He was referring to the very issue that started the PM’s Hebdomas Horribillis, and ended it. The bungled attempt by the government to pass new electoral funding laws that proposed to take $60 million from taxpayers and put it in to political parties campaign coffers is emblematic of just how out of touch the political class in Canberra is with the rest of the country.

How Labor strategists didn’t twig to the potential for Abbott to back away from it is staggering in itself. But Gillard’s own failure to walk away, even after it was dead, instead continuing to back it, is symbolic of how out of touch her leadership team is with the mood not just in the electorate but inside her own caucus.

Labor elder John Faulkner couldn’t have been more blunt about his views on it when he labelled it a “disgrace”.

But it wasn’t the only thing that ruined the PM’s week and diverted attention from the one issue Labor does have over the Coalition and is desperately trying to find clear air to campaign on: education.

The well known Rudd supporter Anthony Byrne, the chair of the intelligence committee, fired the second missile on Monday when he attacked the government in parliament over funding cuts to the spy agencies. That too, was labelled a “disgrace”.

Then there was the Attorney-General Mark Dreyfus’ spectacularly inept response to suggestions that Chinese hackers had stolen the blueprints to its new $650 million office block. It all went pear shaped from there.

The PM couldn’t buy a trick when it was revealed the NBN was exposing people to asbestos. And then news that a suspected terrorist wanted by Interpol had been living in low security detention centre in South Australia for a year as an asylum seeker.

Labor MPs this week were even talking of just “bringing on” an election to put them out of their misery. The malaise that has been hanging over Labor MPs has now become a blanket of abject despair.

Most MPs, if they are honest, now live day to day under Murphy’s famous law: If anything can go wrong, it will.

And this week it has.

A greater symbol of the despondency that now grips the federal Labor Party there is not than Martin Ferguson’s decision this week to pull the pin on an 18 year career as a parliamentarian. Labor sources claim he won’t be the last to hang up his boots before the end of June.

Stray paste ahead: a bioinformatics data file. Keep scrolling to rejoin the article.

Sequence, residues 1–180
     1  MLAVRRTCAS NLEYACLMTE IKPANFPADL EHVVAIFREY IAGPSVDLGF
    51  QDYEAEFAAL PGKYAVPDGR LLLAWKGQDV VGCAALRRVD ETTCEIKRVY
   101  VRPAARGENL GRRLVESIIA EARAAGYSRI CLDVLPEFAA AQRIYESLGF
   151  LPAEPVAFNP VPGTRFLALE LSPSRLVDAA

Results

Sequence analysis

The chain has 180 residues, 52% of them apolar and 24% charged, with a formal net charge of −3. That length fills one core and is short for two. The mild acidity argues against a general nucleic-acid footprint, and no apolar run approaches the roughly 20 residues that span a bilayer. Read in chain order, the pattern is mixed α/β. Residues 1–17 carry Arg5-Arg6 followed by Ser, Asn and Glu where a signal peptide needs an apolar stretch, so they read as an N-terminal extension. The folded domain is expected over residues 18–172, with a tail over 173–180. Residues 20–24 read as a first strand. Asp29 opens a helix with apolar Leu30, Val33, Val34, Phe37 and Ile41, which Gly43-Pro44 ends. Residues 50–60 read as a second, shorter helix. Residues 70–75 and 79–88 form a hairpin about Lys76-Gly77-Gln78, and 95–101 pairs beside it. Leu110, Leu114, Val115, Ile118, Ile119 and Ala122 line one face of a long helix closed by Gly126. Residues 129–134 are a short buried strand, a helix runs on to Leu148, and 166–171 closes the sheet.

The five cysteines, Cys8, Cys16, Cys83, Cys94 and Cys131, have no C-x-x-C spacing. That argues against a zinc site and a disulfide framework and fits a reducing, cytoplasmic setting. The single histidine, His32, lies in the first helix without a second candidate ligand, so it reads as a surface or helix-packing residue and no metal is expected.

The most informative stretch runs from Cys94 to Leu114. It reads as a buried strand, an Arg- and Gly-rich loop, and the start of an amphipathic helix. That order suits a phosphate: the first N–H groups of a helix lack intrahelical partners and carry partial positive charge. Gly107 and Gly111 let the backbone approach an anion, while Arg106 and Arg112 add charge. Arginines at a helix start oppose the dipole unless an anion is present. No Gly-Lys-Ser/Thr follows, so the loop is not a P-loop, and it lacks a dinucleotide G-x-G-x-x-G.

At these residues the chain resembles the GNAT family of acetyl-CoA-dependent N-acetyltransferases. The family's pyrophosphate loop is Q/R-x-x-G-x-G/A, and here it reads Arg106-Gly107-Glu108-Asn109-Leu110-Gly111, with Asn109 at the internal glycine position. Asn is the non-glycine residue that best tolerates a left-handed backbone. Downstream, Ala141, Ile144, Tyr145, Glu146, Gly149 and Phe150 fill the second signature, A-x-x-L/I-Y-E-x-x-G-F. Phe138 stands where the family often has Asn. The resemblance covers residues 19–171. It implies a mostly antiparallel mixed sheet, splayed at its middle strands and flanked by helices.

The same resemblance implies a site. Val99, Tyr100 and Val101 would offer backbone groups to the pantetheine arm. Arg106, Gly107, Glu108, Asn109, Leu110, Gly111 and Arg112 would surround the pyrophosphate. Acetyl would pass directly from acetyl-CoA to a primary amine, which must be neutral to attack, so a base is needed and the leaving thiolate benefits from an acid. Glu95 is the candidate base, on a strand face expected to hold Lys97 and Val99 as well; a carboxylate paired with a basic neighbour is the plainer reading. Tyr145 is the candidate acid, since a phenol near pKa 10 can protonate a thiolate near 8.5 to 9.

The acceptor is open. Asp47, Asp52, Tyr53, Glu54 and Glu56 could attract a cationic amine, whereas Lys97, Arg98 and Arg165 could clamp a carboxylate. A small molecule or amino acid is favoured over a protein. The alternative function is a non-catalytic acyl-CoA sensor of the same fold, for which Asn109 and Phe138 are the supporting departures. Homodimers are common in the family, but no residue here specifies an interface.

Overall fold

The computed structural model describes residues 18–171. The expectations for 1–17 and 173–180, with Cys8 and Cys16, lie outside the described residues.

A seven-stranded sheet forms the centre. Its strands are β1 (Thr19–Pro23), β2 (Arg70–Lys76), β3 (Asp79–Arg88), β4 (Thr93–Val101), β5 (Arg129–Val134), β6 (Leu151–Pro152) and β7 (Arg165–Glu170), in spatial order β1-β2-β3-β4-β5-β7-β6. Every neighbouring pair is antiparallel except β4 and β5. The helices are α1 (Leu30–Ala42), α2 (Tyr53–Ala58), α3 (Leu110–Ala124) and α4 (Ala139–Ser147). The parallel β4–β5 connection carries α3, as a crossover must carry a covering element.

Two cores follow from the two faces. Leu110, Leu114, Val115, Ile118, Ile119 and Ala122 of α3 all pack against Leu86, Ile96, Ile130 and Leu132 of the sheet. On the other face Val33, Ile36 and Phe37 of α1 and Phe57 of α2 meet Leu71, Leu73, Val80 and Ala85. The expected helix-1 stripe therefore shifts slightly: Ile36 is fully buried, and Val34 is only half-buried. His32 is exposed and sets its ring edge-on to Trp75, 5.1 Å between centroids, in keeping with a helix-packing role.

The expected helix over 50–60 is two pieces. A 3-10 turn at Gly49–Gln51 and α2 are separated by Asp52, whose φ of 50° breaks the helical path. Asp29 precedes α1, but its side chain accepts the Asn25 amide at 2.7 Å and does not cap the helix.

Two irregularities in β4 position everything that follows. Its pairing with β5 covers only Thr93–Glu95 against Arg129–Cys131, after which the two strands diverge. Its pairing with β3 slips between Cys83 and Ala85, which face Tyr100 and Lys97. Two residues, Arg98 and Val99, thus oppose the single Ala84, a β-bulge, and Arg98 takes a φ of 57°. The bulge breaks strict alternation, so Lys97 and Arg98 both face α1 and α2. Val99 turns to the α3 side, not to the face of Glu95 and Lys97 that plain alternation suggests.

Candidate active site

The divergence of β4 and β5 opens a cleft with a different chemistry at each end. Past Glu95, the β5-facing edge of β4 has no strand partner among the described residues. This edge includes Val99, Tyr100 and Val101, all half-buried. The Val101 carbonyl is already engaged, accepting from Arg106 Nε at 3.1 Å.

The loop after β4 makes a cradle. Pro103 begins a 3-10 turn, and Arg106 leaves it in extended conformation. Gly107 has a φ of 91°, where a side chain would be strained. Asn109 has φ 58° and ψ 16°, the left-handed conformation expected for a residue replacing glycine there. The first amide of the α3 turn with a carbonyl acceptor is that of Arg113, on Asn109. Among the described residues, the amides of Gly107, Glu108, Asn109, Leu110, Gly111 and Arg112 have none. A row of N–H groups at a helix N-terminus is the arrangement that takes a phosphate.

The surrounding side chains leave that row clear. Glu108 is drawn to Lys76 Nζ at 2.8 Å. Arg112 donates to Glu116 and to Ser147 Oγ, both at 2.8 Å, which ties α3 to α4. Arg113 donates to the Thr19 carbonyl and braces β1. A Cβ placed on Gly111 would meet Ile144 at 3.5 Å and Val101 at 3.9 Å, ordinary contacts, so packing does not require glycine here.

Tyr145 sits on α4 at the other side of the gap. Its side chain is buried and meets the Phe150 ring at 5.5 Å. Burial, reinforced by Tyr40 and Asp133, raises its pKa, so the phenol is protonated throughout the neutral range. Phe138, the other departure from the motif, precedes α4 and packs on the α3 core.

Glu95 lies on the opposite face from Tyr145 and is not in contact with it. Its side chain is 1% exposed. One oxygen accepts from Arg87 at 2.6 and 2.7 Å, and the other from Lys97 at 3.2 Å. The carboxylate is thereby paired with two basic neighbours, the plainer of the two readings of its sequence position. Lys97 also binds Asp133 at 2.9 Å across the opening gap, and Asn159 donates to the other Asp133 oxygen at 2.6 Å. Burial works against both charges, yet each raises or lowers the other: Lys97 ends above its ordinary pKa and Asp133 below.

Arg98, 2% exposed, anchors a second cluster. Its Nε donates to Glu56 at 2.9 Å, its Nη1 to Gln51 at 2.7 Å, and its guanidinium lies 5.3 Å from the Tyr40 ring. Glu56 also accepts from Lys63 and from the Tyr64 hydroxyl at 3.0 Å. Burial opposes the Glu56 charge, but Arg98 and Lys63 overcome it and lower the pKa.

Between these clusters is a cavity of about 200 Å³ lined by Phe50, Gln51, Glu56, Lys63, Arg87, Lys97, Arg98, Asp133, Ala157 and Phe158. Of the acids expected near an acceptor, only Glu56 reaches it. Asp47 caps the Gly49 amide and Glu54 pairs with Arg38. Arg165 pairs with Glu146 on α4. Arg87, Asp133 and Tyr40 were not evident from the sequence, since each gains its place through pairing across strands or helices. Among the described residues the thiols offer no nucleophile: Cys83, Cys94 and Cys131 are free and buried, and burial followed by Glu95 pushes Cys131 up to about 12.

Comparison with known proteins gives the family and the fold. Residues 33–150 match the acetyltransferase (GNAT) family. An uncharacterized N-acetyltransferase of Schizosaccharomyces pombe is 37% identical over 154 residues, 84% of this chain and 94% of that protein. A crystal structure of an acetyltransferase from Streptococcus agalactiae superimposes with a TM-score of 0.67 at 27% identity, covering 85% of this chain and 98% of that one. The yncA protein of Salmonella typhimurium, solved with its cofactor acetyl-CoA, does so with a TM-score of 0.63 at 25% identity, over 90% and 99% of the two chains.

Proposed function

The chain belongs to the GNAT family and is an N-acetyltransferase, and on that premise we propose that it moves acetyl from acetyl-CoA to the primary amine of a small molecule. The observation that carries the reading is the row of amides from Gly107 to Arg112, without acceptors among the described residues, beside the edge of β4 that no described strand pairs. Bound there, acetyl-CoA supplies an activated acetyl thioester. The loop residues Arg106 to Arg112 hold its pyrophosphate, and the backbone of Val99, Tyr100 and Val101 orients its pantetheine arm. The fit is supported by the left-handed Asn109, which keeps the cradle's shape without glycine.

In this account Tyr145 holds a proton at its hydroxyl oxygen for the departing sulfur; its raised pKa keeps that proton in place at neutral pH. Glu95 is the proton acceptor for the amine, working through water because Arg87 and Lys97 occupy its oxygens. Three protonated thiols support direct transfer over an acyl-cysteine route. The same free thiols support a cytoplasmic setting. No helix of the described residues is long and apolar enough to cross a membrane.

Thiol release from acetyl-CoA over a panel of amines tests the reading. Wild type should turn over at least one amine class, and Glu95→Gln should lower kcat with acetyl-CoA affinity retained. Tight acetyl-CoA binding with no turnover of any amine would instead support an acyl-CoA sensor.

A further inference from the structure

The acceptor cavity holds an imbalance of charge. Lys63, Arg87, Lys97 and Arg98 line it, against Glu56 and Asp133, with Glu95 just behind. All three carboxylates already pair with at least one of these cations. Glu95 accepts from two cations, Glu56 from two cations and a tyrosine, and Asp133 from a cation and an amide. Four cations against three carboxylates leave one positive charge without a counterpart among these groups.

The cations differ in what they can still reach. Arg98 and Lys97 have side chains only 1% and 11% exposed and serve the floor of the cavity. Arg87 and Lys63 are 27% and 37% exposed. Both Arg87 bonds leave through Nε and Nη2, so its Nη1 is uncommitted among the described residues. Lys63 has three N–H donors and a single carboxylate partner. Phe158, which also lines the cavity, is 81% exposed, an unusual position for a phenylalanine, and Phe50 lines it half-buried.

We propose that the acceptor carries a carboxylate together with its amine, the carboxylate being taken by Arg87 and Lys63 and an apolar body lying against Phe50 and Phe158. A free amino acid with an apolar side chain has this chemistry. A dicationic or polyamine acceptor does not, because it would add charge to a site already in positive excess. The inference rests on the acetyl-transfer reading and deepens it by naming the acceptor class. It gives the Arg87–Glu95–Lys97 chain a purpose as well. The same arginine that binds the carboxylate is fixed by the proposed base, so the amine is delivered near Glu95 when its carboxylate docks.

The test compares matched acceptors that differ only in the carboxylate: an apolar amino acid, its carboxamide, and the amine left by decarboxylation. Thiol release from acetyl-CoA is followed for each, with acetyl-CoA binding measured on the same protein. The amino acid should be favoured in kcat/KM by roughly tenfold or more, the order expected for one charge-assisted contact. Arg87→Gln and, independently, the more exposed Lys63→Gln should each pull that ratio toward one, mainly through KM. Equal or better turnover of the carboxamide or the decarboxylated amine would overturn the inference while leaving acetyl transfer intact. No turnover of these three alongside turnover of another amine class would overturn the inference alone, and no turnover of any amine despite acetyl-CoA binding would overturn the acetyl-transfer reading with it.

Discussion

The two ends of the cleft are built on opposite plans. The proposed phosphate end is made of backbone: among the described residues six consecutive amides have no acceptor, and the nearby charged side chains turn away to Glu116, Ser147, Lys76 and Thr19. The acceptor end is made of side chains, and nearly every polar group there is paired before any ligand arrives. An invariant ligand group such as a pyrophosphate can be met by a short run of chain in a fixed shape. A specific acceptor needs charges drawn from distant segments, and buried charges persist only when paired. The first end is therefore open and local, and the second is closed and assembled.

Ferguson was rightly and ironically hailed as a true Labor hero by Tony Abbott.

Well may the Prime Minister have rolled her eyes when the Opposition Leader wiped tears from his, but his words were nonetheless true.

Ferguson was a Labor warrior, and not in the class war sense – which he abhorred. Not only did his departure deliver a final vote of no-confidence in Gillard and the new Labor she has fashioned, it revealed a man who believes there is nothing more he can do to save the party from itself.

Another Labor heavyweight, Faulkner, is equally dispirited. “I’m no longer angry,” he wearily told the caucus this week of the party funding bill. “I am ashamed.”

Thank God there are only three weeks of parliament left before the September election.

At least such shame will be fleeting.

Well might we all join hands with Senator Faulkner — of what was once the “working man’s” party — and cry “Hear Hear!”

Conscience Vote A Sick Joke

10 Apr
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A conscience vote or free vote is a type of vote in a legislative body where legislators are allowed to vote according to their own personal conscience rather than according to an official line set down by their political party.

In many liberal democracies, particularly those that follow the parliamentary system of government, the elected members of a legislature who belong to a political party are usually required by that party to vote in accordance with the party line on significant legislation, on pain of censure or expulsion from the party. Sometimes a particular party member known as the whip is responsible for maintaining this party discipline. However, in the case of a conscience vote, a party declines to dictate an official party line to follow and members may vote as they please.

Conscience votes are usually quite rare…

Source: Wikipedia

Our politicians and media laud these rare occasions as somehow representing a wonderful beacon of light, a shining example of the intrinsic excellence of our parliamentary democracy.

Never do they pause to consider the obvious truth.

Every vote is a choice.

And every choice is either Right or Wrong.

It is when we act according to Conscience that we do what is Right.

What do you think that implies for every vote that is not a Conscience vote?

Our very system of governance is a sick joke.

And the joke’s on us.

Australia is a parliamentary democracy. This means that our political system is based on the idea that Parliament is supreme, or sovereign.

I don’t know why we believe in government.

I do know, we will never know freedom … or peace … until the only government is Conscience.

Do You Know How Much We Pay These Cretins?

21 Mar

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Prime Minister Julia Gillard – $495,430

Deputy PM Wayne Swan – $390,627

Cabinet Minister – $328,698

Opposition Leader Tony Abbott – $352,517

Speaker – $333,462

Shadow Minister – $238,187

Backbencher – $190,550

Source: The “independent” Remuneration Tribunal. Accurate at July 1, 2012.

UPDATE:

US President Barack Obama – $380,488

UK Prime Minister David Cameron – $214,747

Source: mywage.org.au/main/salary/celebrity-pay/politician-pay